It is true that historical persons and historical events
reach up into the realm of the visible and the audible, but
they also penetrate deep down into silence: they are pro-
jections from the ground of silence. Historical events and
personalities not only bring their actions to man, they also
bring the silent ground of history. They are like draft
animals drawing silence on behind them.
   The silent side of history is seen a little in the silent
suffering of men and nations. But more suffering is lived
through than is seen from the outside. It seems that man-
kind prefers to suffer in silence, prefers to live in the world
of silence, even if it be by suffering, than to take its suffer-
ing into the loud places of history. This is the only possible
explanation of the patient endurance shown by whole
nations under the heel of tyranny.
   In the midst of the loudness of history these suffering
nations are ambassadors from the world of silence, allies
of the world of silence. It seems that such great suffering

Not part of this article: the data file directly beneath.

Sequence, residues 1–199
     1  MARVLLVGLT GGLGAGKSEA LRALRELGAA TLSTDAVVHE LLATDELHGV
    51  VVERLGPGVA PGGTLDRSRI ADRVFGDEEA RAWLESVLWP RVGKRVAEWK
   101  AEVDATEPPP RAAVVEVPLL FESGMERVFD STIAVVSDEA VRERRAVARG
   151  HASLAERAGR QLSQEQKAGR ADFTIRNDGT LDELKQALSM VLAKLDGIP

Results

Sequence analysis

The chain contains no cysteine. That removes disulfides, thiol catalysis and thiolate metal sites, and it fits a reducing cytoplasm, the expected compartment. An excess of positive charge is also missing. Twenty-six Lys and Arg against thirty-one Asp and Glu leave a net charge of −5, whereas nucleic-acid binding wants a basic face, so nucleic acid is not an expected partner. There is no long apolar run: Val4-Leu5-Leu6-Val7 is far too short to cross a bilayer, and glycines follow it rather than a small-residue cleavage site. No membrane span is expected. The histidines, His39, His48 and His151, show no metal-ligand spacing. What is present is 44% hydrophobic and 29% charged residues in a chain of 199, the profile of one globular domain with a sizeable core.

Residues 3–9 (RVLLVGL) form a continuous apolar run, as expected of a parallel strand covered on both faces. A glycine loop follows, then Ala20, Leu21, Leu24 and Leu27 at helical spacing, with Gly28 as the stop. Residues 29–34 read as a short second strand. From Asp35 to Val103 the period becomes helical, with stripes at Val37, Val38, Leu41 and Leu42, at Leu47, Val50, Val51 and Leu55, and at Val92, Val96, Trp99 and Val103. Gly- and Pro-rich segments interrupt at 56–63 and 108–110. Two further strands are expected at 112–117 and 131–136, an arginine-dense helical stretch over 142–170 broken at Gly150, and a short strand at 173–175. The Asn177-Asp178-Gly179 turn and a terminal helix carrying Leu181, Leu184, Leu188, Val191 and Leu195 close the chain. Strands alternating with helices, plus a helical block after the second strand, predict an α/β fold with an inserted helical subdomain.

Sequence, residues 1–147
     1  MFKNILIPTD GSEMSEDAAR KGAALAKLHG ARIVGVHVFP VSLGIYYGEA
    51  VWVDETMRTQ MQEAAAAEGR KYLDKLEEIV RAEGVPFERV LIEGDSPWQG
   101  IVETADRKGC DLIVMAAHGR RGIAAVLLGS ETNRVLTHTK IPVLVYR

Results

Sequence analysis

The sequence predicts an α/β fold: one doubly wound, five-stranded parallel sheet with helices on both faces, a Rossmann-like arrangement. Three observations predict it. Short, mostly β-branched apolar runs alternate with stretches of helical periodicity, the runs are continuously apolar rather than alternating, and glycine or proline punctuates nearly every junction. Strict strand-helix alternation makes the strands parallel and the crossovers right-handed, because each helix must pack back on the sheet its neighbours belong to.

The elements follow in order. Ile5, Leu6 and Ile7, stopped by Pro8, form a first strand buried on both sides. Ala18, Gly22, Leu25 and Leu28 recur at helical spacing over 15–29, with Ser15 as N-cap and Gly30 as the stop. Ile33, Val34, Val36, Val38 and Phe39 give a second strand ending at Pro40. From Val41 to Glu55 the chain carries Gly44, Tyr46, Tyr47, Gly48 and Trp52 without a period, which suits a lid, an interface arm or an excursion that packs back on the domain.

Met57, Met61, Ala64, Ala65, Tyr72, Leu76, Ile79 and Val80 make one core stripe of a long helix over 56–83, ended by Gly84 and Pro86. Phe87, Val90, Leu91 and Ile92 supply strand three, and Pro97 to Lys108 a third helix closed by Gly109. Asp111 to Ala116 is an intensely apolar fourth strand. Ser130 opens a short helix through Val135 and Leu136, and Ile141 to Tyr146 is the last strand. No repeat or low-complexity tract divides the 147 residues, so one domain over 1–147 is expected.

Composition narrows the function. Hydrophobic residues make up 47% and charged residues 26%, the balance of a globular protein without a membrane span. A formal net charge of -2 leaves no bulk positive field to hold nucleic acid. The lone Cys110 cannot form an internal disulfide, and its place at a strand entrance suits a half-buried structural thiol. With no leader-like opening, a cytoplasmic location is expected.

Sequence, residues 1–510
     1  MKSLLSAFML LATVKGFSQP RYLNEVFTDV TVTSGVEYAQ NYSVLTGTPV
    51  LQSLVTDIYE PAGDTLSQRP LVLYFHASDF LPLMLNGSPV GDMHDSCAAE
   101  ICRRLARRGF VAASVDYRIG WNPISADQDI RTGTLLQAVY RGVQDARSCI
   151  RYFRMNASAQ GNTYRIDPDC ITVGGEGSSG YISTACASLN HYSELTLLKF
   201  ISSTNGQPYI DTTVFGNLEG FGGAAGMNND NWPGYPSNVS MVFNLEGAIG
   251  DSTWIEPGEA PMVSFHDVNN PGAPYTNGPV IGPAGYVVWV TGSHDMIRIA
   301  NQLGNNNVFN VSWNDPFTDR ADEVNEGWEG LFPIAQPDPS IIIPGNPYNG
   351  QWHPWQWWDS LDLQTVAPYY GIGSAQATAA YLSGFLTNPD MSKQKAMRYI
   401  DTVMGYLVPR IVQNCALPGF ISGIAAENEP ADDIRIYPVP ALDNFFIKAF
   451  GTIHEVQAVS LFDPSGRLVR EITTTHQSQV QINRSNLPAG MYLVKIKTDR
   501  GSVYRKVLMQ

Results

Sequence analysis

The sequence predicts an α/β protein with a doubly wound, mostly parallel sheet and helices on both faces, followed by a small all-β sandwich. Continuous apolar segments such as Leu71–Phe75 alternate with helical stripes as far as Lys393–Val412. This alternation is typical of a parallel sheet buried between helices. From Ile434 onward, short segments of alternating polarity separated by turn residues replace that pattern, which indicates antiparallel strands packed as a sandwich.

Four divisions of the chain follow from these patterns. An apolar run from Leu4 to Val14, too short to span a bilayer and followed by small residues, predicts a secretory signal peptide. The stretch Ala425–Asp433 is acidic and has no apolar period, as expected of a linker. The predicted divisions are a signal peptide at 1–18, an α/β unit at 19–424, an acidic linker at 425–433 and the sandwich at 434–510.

can be imposed on these people only because the great
silence that is in the world helps the silence that is in man
himself to bear the burden of suffering. Suffering becomes
unbearable only when, separated from the great silence in
the world, it is merely a part of the noise of history, and
then has to bear its burden alone.

   From time to time, as we have said already, there are
periods in history in which the silence is more evident
than the noise. History does not flow in a straight line
from the noise of one age to the noise of the next. The 
flow of noise is sometimes interrupted by an age of silence.
In fact, silence can move into an intrinsically noisy age
and fill it with something of its stillness. Today, however,
it is the reverse that happens. It is noise and loudness
that invade the silent places of history. 

   There are nations that seem to slumber in silence for
long centuries: such are the Spaniards during the last
three hundred years. The silence in which they live is
not an emptiness, nor is it a symptom of sterility. It is
rather a sign of the importance and high value of silence
for the Spaniards. Spain has been considered backward
and old-fashioned because it did not join in the universal
noise and mobility of the modern age by industrializing
its economy. But Spain is no more backward than a child
that wants to stay with its mother, or that comes back to
its mother, and to silence.
   In the silent substance of such nations as Spain there
is a great reserve of help and strength for all the other
nations. All of us, the nations of the modern world of
noise, live on the capital of silence which lives on in the
life of a people like the Spaniards. Such nations are
passive, slumbering and silent not only for themselves
but for the other nations, for the noisy and the wide